American Diabetes Association
Saeed_S_et_al_Supp_Info__R1_Clean_090323.pdf (732.09 kB)

Biallelic mutations in P4HTM cause syndromic obesity

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posted on 2023-04-21, 15:35 authored by Sadia Saeed, Lijiao Ning, Alaa Badreddine, Muhammad Usman Mirza, Mathilde Boissel, Roohia Khanam, Jaida Manzoor, Qasim M Janjua, Waqas I. Khan, Bénédicte Toussaint, Emmanuel Vaillant, Souhila Amanzougarene, Mehdi Derhourhi, John F Trant, Anna-Maria Siegert, Brian Y. H. Lam, Giles S.H. Yeo, Layachi Chabraoui, Asmae Touzani, Abhishek Kulkarni, I. Sadaf Farooqi, Amélie Bonnefond, Muhammad Arslan, Philippe Froguel

 We previously demonstrated that 50% of children with obesity from consanguineous families from Pakistan carried pathogenic variants in known monogenic obesity genes. Here, we have discovered a novel monogenetic recessive form of severe childhood obesity, using an in-house computational staged approach. This included analysis of whole-exome sequencing data of 366 children with severe obesity, 1,000 individuals of the Pakistani PROMIS study, and 200K participants of the UK Biobank, to prioritize genes harbouring rare homozygous variants with putative effect on human obesity. We identified five rare or novel homozygous missense mutations predicted deleterious in five consanguineous families in P4HTM encoding Prolyl 4-Hydroxylase Transmembrane (P4H-TM). We further found two additional homozygous missense mutations in children with severe obesity of Indian and Moroccan origin. Molecular dynamics simulation suggested that these mutations destabilized the active conformation of the substrate binding domain. Most carriers also presented with hypotonia, cognitive impairment and/or developmental delay. Three of the five probands died of pneumonia during the ~2 years of the follow up. P4HTM deficiency is a novel form of syndromic obesity affecting 1.5% of our children with obesity associated with high mortality. P4H-TM is a hypoxia inducible factor that is necessary for survival and adaptation under oxygen deprivation but the role of this pathway in energy homeostasis and obesity pathophysiology remains to be elucidated.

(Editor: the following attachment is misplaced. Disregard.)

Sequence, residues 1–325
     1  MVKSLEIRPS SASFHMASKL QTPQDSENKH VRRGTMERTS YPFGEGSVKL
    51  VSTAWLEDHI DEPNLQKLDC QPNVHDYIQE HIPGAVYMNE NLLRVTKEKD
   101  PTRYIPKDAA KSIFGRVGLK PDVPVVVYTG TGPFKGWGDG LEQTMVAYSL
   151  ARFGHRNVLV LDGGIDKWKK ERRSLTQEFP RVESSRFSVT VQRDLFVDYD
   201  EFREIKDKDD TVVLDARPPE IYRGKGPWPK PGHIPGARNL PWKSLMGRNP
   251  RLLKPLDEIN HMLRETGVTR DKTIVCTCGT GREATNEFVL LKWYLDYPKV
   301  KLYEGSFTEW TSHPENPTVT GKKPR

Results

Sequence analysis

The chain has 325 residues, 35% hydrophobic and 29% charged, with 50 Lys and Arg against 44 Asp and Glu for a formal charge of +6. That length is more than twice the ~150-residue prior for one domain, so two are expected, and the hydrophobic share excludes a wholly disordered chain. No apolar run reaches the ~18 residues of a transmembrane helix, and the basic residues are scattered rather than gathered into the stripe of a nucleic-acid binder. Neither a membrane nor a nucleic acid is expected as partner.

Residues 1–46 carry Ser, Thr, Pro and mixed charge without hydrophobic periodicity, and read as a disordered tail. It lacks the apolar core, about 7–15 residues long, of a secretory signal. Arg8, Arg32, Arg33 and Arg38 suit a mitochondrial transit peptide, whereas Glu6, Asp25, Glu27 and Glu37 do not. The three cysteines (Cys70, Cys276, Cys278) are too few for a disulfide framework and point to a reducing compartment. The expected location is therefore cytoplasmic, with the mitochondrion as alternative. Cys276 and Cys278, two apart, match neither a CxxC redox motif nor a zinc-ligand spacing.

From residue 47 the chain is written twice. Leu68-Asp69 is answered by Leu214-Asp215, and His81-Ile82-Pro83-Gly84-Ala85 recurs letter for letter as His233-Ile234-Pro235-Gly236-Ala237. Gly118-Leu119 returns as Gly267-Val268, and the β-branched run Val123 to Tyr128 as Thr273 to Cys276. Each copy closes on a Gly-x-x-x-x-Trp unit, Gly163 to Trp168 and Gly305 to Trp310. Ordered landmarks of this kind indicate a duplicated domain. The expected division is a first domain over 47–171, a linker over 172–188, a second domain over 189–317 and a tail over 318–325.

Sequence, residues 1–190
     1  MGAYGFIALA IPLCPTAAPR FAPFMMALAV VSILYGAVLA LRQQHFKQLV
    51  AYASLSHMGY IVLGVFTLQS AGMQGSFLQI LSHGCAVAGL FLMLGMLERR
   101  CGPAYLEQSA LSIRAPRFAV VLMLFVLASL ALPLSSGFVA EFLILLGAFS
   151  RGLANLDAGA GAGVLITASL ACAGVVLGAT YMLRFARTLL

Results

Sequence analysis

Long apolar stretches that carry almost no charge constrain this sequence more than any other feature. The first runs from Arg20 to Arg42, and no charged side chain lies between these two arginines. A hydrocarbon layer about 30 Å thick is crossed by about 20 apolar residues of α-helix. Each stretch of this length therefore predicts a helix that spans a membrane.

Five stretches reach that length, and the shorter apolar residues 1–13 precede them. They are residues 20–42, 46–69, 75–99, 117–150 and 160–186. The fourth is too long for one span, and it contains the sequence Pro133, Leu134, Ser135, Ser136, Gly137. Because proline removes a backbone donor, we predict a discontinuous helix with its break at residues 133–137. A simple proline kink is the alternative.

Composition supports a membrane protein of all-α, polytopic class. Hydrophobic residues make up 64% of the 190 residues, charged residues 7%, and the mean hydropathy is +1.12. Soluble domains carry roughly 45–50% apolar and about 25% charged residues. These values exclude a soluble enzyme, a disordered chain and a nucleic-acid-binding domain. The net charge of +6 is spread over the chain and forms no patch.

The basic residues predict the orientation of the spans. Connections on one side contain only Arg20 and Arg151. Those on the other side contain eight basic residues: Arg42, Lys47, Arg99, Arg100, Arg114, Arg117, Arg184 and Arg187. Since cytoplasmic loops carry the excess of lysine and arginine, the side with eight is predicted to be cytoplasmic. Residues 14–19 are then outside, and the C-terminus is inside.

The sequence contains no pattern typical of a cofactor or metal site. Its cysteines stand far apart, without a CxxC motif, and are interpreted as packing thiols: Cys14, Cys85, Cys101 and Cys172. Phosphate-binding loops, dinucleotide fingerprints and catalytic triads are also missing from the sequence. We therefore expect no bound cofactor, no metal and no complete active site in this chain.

This work was supported by funding from the Medical Research Council (MRC) MR/S026193/1 (P.F.) and the Pakistan Academy of Sciences (M.A). This research has been conducted using the UK Biobank Application #67575. We thank “France Génomique” consortium (ANR-10-INBS-009). This study was funded by the French National Research Agency (ANR-10-LABX-46 [European Genomics Institute for Diabetes] to PF and AB), the French National Research Agency (ANR-10-EQPX-07-01 [LIGAN-PM] to PF and AB), the European Research Council (ERC GEPIDIAB – 294785, to PF; ERC Reg-Seq – 715575, to AB) and the National Center for Precision Diabetic Medicine – PreciDIAB, which is jointly supported by the French National Agency for Research (ANR-18-IBHU-0001), by the European Union (FEDER), by the Hauts-de-France Regional Council and by the European Metropolis of Lille (MEL). Additional support was provided by the Natural Sciences and Engineering Research Council of Canada (DG-2018-06338).


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